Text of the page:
Most global investors predict at least one nation will leave the euro area within five years and that Greece and Ireland will default, according to a poll conducted by the Bloomberg news agency.
The Bloomberg Global Poll, which coincided with the start of the World Economic Forum?s annual meeting in Davos, Switzerland, on Wednesday, found that 59 percent of respondents think one or more of the 17 euro nations will quit by 2016, including 11 percent who see an exit within 12 months. Respondents were divided over whether Portugal would default, while a majority expressed confidence in Spain.
Portugal?s 10-year bond fell on Wednesday, pushing the yield up 9 basis points to 6.83 percent, 391 basis points more than on the comparable German bond. Spanish bond yields climbed 2 basis points to 5.34 percent, while the yield on Greece?s 10-year bond gained 4 basis points to 11.38 percent.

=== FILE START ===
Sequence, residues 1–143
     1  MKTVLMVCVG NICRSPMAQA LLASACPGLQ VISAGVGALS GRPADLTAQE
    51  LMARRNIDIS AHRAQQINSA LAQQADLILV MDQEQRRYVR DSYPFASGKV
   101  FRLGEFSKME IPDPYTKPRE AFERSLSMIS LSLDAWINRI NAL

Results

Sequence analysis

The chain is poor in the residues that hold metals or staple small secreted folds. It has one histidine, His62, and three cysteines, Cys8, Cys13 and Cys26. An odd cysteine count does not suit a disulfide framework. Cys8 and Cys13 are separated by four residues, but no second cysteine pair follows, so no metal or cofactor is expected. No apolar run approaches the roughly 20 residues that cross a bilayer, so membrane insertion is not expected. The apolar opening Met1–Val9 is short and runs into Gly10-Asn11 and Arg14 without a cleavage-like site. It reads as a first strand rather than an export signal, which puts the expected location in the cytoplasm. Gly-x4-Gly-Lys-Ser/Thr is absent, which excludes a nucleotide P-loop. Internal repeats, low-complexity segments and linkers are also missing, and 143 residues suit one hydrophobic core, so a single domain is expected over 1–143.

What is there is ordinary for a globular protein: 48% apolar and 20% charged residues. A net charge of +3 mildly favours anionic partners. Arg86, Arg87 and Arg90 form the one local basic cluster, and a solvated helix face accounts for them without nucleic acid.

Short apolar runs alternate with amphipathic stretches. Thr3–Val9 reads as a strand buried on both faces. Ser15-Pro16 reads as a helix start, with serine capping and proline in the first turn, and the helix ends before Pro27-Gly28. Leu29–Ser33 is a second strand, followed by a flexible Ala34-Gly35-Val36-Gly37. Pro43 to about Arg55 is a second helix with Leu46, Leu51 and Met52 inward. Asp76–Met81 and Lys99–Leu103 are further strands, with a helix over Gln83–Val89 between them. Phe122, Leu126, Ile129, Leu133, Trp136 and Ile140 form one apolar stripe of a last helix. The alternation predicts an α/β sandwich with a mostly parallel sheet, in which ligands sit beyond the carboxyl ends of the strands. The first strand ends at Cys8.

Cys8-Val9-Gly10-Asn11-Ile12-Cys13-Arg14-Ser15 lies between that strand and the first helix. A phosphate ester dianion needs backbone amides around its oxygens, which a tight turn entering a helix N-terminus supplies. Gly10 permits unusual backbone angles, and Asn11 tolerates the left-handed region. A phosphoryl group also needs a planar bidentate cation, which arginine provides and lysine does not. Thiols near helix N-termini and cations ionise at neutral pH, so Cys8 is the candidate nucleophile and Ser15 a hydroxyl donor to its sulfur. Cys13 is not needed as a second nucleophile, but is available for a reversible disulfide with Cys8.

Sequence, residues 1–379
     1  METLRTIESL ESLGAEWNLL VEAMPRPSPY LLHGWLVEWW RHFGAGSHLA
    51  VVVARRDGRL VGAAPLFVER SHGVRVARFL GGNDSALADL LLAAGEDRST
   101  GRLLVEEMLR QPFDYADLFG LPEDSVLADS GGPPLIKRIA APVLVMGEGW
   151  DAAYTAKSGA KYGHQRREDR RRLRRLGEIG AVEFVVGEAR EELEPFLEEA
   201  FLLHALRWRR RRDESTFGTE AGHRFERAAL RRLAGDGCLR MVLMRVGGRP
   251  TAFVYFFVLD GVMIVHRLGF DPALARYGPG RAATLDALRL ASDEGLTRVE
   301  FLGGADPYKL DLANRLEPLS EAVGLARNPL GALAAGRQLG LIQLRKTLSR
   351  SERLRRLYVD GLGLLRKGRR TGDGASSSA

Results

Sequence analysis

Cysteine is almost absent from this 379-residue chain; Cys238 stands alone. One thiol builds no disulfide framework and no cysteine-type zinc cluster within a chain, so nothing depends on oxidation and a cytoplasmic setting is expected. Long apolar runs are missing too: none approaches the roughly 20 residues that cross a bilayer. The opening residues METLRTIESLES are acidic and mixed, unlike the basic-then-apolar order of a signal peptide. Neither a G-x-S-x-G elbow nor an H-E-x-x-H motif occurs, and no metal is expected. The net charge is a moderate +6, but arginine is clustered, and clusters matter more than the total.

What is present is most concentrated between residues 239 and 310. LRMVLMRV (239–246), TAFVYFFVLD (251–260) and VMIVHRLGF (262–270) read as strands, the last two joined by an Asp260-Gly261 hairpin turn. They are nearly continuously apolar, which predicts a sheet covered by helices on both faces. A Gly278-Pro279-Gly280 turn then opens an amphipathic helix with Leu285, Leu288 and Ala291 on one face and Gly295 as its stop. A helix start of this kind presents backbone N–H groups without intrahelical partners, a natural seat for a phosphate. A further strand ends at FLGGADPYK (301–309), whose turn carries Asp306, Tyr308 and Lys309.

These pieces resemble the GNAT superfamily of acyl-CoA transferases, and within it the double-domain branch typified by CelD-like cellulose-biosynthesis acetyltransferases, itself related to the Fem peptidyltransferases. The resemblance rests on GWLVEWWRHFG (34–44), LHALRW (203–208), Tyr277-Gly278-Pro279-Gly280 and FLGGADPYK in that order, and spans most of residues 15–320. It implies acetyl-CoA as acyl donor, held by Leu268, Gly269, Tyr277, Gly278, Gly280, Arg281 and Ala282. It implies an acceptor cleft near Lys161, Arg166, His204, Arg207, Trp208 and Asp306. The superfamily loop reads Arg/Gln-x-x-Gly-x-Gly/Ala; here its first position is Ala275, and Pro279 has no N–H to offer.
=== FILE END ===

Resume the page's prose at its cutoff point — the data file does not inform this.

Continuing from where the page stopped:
?What?s happening in the eurozone is one of the biggest risks to the global economy,? said New York University Professor Nouriel Roubini at the World Economic Forum?s opening session.
Respondents in the poll completed this week of 1,000 investors, analysts and traders who are Bloomberg customers were almost evenly divided about whether the euro area will eventually break apart. Most of the 45 percent who anticipated a breakdown said it wouldn?t occur in the next five years; 48 percent said it would never happen.
?It?s very difficult to imagine a scenario in which the euro would break up,? said Kenneth Broux, a senior market economist at Lloyds TSB Corporate Markets in London and another of those surveyed. ?The political investment in the project is way too high and Europe?s debt market is now the biggest in the world.?
The Greek government denied this week that it?s studying ways to restructure debt but almost three-quarters of Bloomberg poll respondents said the country ultimately would likely default; 53 percent said Ireland would also probably do so.